But one day, out of the FB blue, came my savior—the incredible photography of Sarah Morrison.
Sarah Morrison is just so overwhelmingly talented, it makes my aesthetic pre-conceptions crumple and deflate.
She takes everything that’s grand and mysterious from the past—in this case, Germs’ drummer Don Bolles—and, through fabulous styling, clever angles, great coaching/direction, and a judicious amount of post-production enhancement, burnishes the tarnished bits and voila! You’re witnessing the most eye-poppingly iconic portraits to come out of L.A. or anywhere in a long long time.
Sarah Morrison is not technically a musician, but her photography is as clever and unshakeable as the most golden of hit records.
Photographer Sarah Morrison‘s unforgettable images may seem like bolts of lightning shot out of the sky, but take more than a few glimpses and an exceptionally visually-gifted artist who has put a ton of time and soul into her work is revealed. I wanted to be able to see the world—if only for a few moments—through Sarah’s eyes, and I was very thrilled when Morrison agreed to my interview request…
How long have you been a photographer, Sarah?
I’ve been shooting professionally for about a year and a half.
Do you make your living taking photos?
Are you from L.A.?
No, I’m from The Bay Area.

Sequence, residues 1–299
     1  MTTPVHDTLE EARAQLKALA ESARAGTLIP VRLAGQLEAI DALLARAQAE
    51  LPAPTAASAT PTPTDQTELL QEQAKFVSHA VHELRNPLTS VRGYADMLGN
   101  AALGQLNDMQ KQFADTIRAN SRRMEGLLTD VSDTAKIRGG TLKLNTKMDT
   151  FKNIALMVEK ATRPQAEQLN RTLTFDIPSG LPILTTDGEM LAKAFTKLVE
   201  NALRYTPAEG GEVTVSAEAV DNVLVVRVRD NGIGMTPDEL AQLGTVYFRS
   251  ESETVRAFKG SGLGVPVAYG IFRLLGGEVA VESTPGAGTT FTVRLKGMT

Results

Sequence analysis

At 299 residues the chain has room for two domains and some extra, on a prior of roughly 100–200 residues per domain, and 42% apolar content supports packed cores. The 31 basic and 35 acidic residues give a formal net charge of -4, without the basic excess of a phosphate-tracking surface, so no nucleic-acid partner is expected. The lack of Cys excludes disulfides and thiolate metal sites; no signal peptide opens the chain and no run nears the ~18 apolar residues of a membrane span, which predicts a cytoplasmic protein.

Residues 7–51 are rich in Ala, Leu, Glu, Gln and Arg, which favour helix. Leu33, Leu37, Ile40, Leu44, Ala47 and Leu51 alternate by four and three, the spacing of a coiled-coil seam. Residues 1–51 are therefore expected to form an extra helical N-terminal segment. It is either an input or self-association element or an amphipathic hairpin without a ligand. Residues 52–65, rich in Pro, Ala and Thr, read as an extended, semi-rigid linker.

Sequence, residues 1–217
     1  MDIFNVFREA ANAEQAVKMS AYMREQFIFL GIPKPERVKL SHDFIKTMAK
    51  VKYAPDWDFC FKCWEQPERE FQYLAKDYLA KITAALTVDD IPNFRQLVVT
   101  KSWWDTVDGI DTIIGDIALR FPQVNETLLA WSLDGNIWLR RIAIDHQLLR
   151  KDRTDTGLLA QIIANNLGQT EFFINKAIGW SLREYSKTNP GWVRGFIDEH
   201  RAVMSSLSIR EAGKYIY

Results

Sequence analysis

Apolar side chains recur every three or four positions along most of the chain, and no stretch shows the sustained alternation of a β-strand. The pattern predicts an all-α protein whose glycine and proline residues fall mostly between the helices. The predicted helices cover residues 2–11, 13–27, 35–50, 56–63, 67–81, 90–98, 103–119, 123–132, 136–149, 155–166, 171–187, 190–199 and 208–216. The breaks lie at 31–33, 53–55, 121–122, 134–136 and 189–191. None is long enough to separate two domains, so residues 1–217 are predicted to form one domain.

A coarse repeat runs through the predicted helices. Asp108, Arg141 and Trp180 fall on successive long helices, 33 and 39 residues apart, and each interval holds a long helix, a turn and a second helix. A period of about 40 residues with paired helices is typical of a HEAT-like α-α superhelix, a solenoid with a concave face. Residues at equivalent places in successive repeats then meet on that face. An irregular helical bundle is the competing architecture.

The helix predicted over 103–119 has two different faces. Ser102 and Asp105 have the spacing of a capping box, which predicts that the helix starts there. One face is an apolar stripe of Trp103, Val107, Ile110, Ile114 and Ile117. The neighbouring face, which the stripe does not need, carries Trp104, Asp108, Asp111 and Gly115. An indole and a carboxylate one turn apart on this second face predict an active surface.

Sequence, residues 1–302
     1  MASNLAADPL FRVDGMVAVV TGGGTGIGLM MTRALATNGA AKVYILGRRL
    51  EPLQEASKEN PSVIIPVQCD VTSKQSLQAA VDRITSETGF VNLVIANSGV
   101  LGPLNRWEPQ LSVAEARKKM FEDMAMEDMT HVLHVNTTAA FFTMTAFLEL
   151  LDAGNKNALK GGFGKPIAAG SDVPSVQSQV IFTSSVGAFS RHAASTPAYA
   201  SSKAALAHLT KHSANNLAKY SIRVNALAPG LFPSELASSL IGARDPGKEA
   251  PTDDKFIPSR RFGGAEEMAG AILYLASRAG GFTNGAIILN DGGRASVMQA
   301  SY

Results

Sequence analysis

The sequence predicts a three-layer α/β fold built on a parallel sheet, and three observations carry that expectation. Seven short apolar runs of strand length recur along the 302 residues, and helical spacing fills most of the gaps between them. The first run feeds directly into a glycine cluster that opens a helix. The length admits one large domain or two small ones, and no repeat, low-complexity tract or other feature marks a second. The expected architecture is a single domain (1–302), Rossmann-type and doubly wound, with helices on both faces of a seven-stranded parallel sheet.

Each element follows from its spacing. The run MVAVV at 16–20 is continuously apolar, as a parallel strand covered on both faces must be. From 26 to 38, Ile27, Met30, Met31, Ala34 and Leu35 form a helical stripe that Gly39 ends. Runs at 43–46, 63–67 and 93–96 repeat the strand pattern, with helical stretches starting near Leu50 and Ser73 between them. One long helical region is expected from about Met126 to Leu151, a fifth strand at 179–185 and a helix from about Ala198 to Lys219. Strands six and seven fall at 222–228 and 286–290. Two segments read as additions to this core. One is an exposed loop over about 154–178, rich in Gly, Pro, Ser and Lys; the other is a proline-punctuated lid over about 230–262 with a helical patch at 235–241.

What neighborhood do you live in?
I’ve lived in Laurel Canyon for the last three years. I live in the oldest standing structure in the canyon. It’s an actual log cabin built in 1918 and was originally used by the Hollywood set for weekend getaways. They would come here to hunt game in Laurel Canyon back in the ’20s! The cabin has a very interesting history (as do most places in the canyon) in fact, Marlon Brando lived here briefly before he became a star. My landlord bought the cabin in the late 60’s and was friends with a lot of the famous musicians who lived in the canyon during that time. He has some amazing stories about partying with Frank Zappa, The Byrds, The Mamas and The Papas, The Doors…the list goes on. To me, Laurel Canyon is still a world apart from the reality of L.A., and combined with such a rich musical history, living here has greatly influenced my work.
How would you describe your visual aesthetic to a stranger?
I usually describe it as “conceptual portraiture.” Kim Fowley described it as “creepy elegance” which I rather liked. I am very interested in creating a world for my subjects to reside and I think that comes through in some of my more conceptual work or dreamscapes. I have also been described as a “compositional/surrealist photographer.”
Who are your biggest visual influences?
Kubrick, Gaudi, Alejandro Jodorowsky, Ken Russell, F. W. Murnau, Alfred Hitchcock, Hammer Films, Melvin Sokolsky, Tim Walker, Hipgnosis, Jacques Henri Lartigue, Mick Rock, Cecil Beaton, Diane Arbus, Dorothea Tanning, along with various surrealist painters.
Who are your biggest artistic influences (non-visual)?